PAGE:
Tuesday, December 04, 2007

“Shoot the [Feral] Cat[s]”

Let me say right up front that I have no problem with pet cats (Felis domesticus) and the people who own and care for them; I was once a cat owner myself. But feral cats are another thing altogether. Feral cats are a scourge on the landscape. Feral cats are invasive animals (being listed by the World Conservation Union as one of the world’s 100 worst) that, through their predatory habits, do significant damage to native bird populations. Trap, neuter, and release (TNR) programs are not the answer. They are nothing more than a public relations sham. They merely allow individual, free-ranging cats to live out the remainder of their normal lifespan. Meanwhile, the cats will continue to kill native birds and other animals, even if well-fed. The solution to the problem of roaming and unwanted stray cats is euthanasia. Properly administered, euthanasia is completely humane. It’s more humane, in fact, than the slow and painful deaths inflicted on their prey by feral cats.

Bruce Barcott, a contributing editor at Outside magazine, wrote an excellent essay in the December 2, 2007 issue of the New York Times Magazine that examines in detail both sides of the feral cat issue. A copy of this article is available in full at David Quintana’s Lost in the Ozone blog (see Kill the Cat that Kills the Bird).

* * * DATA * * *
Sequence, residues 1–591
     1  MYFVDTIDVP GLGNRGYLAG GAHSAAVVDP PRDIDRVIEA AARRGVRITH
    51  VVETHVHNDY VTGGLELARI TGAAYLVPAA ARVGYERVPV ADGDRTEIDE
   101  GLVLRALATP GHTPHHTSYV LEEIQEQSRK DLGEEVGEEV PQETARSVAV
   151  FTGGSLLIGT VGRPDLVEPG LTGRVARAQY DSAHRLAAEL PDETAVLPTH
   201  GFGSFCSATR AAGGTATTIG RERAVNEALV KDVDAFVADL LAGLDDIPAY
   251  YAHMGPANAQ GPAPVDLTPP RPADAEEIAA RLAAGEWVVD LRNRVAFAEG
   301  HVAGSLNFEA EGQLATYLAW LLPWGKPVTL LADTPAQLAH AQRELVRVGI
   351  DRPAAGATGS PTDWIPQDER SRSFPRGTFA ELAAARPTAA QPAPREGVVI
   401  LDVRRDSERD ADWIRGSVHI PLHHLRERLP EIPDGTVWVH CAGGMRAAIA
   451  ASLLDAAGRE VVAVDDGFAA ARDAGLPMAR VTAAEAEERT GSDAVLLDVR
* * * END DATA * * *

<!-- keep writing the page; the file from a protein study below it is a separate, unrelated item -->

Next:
Much of the article focuses on Jim Stevenson, founder of the Galveston Ornithological Society and “the most notorious cat killer in America,” and the nationwide controversy he caused when he shot a feral cat that was preying on Piping Plovers (an endangered species) near Galveston Island. An excerpt:
Much of the controversy focuses on the nation’s population of 50 to 90 million feral cats (exact figures are impossible to ascertain), former pets and their offspring that live independent of humans. Feral cats may not have owners, but they do have lobbyists. Alley Cat Allies, a national organization founded by an ex-social worker named Becky Robinson, harnesses a fierce coalition of celebrities, cat experts and feral-cat-colony caretakers to fight for the rights of wild cats. Her allies include Roger Tabor, a leading British naturalist; Jeffrey Masson, the outspoken author of “The Nine Emotional Lives of Cats” and “When Elephants Weep”; and, fittingly, Tippi Hedren, the actress best known for starring in the 1963 Alfred Hitchcock thriller, “The Birds.” Which, as you will recall, was a film in which Hedren spent two hours dodging attacks by murderous birds.